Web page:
Matthew Surridge’s fascinating post on specificity in setting got the various gears, levers, in pistons in my head working. I’m currently writing this in a cloud of steam gushing out both ears, and hopefully I’ll be able to finish before the gnomes who power the mechanisms of my consciousness go on strike.
The short version: Matthew, I agree completely. There is a certain charm to what I think of as the typical D&D setting, in which castles are built out of clichés mortared together with anachronisms, and the world is a playground of exotic sights for the mismatched band of adventurers to wander among and slay monsters in. It’s a lot of fun in a game–and sometimes fun in a D&D novel–but it lacks the kind of verisimilitude that makes a story really engrossing.
I tend to think that the richness of real-world Medieval civilization is masked by a series of misconceptions and broad generalizations, beginning with the tendency to see them as one long Dark Age spanning from the Fall of Rome to the Protestant Reformation. But the so-called Dark Ages were home to the kingdoms of Charlemagne and Alfred, the flourishing of Irish and Italian monasticism, and the first sparks of the most vibrant intellectual life the world had yet seen. Likewise, the High Middle Ages were an age of soaring cathedrals, vibrant art and music, and universities that studied everything from Roman law to medicine.
At the same time, the European Middle Ages were anything but homogenous. The time period covers over a thousand years, which contain literally hundreds of distinct peoples and cultures. The Vikings who besieged Paris later became the Normans who conquered England and ruled Sicily. The balance between monarchs, emperor, and papacy was constantly shifting, sometimes responding to new threats or influences, as when the Mongols crashed against the armies of the Holy Roman Emperor.
On the other hand, I kind of the like the idea of orc samurai. I hereby claim the title "Fanged Green Bushido" for my next novel.
Suffice to say, I tend to think that readers who complain about the banality of Medieval or European-flavored settings in fantasy have been cheated. What they’ve been delivered is watered-down and rendered into a kind of generic Fantasyland, the setting for stories that John C. Wright calls “Elf Opera“. I don’t want to sound as though I’m smearing D&D, but the generic D&D setting has very little to do with Europe or the historical Middle Ages. I’ve always thought that, when readers express a desire for new settings, they’re expressing more accurately a desire for authenticity and verisimilitude. Half-orcs and elves throwing magic missiles wouldn’t instantly become more exciting if you called them “samurai” and “miko” instead of “warrior” and “wizard”.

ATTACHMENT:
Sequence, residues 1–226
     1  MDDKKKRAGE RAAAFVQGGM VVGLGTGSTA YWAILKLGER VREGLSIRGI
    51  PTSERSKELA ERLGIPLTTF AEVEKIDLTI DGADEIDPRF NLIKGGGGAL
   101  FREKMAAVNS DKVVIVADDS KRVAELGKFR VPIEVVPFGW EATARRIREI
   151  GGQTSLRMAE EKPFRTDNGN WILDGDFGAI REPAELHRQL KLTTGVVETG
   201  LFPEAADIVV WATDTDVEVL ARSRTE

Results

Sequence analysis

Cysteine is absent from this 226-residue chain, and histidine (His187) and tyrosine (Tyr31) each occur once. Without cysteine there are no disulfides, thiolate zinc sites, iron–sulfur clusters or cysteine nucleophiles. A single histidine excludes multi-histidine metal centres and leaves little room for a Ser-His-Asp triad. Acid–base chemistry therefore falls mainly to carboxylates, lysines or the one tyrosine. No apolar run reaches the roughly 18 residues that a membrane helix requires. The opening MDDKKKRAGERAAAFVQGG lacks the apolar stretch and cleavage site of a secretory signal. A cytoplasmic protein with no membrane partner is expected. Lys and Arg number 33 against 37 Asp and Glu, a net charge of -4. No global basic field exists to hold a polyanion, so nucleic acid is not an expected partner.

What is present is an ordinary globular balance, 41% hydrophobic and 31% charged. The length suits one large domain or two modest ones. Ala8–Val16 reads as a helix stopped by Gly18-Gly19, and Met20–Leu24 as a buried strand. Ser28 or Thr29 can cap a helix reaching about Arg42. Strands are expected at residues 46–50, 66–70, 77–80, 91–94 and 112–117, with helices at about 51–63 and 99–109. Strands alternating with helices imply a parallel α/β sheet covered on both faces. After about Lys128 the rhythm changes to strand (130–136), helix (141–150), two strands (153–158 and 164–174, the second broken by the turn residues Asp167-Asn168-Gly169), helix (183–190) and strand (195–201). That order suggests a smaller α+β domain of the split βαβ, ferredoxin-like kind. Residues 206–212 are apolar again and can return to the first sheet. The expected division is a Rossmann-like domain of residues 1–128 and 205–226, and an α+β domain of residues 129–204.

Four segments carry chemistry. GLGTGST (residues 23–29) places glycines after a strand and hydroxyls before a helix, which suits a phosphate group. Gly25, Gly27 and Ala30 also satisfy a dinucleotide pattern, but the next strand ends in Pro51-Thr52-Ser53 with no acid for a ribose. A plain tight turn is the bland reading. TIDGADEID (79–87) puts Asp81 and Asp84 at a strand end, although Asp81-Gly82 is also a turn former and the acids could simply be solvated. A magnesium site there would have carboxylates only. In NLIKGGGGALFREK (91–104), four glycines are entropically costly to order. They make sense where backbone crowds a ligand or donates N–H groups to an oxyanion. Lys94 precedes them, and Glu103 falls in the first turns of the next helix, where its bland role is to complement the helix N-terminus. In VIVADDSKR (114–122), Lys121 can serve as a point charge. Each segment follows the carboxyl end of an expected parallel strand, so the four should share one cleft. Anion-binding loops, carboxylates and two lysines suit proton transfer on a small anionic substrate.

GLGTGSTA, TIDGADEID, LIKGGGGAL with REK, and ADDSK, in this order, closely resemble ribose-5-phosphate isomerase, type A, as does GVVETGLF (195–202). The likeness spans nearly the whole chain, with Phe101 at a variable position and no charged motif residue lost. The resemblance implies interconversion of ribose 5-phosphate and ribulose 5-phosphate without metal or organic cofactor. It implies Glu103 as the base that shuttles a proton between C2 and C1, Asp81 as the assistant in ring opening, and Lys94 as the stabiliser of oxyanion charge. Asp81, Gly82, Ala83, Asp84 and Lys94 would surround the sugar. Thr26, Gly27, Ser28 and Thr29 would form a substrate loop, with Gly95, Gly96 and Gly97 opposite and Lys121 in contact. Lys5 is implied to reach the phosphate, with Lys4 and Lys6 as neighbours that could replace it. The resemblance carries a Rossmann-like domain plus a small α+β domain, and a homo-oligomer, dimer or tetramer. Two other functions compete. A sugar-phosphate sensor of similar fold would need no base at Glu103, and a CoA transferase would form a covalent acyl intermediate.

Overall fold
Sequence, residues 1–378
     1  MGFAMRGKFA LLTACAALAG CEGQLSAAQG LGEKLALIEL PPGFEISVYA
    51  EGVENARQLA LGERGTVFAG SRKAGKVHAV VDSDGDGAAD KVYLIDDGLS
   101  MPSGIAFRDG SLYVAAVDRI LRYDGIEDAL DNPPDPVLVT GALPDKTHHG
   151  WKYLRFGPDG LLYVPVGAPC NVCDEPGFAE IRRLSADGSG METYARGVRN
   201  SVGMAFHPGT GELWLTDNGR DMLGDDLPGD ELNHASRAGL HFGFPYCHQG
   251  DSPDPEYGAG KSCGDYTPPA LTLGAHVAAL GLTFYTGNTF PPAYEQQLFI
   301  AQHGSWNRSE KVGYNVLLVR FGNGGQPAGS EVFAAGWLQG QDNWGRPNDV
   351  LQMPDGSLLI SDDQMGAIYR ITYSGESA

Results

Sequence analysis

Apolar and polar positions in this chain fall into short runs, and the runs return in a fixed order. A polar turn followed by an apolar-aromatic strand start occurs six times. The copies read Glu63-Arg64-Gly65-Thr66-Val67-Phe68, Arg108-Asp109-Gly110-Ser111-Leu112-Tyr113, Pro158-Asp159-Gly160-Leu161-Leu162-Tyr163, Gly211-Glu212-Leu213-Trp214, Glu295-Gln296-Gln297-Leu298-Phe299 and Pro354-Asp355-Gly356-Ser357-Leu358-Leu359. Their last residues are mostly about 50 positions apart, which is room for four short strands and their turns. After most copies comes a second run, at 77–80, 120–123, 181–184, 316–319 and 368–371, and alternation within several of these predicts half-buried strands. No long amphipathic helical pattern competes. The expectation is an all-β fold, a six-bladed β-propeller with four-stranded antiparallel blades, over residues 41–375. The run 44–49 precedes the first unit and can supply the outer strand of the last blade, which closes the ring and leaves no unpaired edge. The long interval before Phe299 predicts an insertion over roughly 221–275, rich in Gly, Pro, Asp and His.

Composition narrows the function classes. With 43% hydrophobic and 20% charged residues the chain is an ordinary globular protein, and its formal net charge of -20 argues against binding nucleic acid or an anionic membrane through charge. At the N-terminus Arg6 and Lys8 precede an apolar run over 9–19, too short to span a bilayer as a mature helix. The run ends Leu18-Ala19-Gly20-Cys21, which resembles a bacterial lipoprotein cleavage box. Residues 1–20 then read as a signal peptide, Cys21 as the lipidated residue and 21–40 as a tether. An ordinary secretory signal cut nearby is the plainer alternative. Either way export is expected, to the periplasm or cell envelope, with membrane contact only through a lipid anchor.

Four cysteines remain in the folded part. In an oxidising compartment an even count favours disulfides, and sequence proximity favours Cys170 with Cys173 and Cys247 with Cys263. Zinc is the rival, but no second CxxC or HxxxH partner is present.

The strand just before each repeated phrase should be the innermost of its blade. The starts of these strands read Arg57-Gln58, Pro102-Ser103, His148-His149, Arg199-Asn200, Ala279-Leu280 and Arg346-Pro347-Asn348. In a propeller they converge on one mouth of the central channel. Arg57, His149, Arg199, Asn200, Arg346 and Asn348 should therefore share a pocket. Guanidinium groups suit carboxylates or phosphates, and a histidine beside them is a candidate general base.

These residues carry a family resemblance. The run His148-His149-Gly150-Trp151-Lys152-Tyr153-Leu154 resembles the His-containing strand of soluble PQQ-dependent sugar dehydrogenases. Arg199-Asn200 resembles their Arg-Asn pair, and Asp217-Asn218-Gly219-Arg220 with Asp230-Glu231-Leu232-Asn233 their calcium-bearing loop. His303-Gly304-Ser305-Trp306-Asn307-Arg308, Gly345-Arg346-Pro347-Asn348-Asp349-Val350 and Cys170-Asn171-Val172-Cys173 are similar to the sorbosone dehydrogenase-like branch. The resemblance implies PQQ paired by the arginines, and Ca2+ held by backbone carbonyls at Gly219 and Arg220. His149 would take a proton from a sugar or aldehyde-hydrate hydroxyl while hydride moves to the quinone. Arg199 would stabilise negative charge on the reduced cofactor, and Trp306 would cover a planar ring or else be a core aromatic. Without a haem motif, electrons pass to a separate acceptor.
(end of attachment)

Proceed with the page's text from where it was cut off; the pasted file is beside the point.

Fantasy involves, well, fantasy, but our fantasies are built on concrete things, among them knowledge of our world as it has been. Depth of knowledge and understanding, I would argue, is more important than a shallow exoticism. An author who truly understands the worldviews and people of 11th century England is, to my mind, more likely to write a gripping novel than one who is just mining East Asia for exotic synonyms to “vampire” and “paladin”.
This may be why so much of my reading lately has been historical fantasy rather than full secondary world fantasy (see my gushing review of Twelve): Because the authors of these novels have usually made at least some effort to truly understand an alien culture and worldview, and their books can’t help but be richer as a result. They’ve sought to understand what life really was in 8th century Baghdad or feudal Japan or Czarist Russia, and on that foundation of juicy cake they’ve spread a tangy frosting of sorcery, monsters, and high adventure. It’s a two-hit combo of escapism and wonder.
I personally write mostly secondary world fantasy, but I try to avoid generic settings and vague Fantasylands whenever possible. In my Shabak stories and novel, I try to portray a culture inspired by the Dark Ages of northern Europe, a time when a lord had a warband instead of a retinue of knights, when blood oaths were prized higher than lofty ideals of chivalry, and new religions warred with old. I mix plenty of fantasy in–the shadow magic, crab-men, and primeval monsters are dead give-away–but I think the historical atmospheres and cultures I’ve drawn on ultimately make the material stronger.
Final note: The finest novels I’ve read with a Medieval European setting are Umberto Eco’s The Name of the Rose and Baudolino, both of which are historical fiction rather than fantasy (well, Baudilino is arguable). Both do a spectacular job of capturing the Medieval mind in all its color, complexity, and wonder. I recommend them highly.